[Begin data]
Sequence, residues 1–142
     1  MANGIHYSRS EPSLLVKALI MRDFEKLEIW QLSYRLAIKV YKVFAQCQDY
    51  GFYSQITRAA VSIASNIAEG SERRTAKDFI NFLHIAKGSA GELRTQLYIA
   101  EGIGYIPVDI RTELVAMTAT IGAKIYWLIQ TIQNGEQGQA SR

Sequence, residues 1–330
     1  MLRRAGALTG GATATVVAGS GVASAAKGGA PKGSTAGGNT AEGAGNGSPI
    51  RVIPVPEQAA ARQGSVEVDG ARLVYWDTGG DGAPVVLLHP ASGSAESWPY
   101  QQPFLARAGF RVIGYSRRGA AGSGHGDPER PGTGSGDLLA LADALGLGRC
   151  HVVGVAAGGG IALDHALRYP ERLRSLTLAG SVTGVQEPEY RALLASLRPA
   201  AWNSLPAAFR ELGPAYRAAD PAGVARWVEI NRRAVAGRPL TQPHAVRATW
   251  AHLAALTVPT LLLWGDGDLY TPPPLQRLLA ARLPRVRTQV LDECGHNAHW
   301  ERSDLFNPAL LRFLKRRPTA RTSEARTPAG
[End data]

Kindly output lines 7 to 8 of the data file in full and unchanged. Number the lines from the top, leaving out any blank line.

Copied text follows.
    51  RVIPVPEQAA ARQGSVEVDG ARLVYWDTGG DGAPVVLLHP ASGSAESWPY
   101  QQPFLARAGF RVIGYSRRGA AGSGHGDPER PGTGSGDLLA LADALGLGRC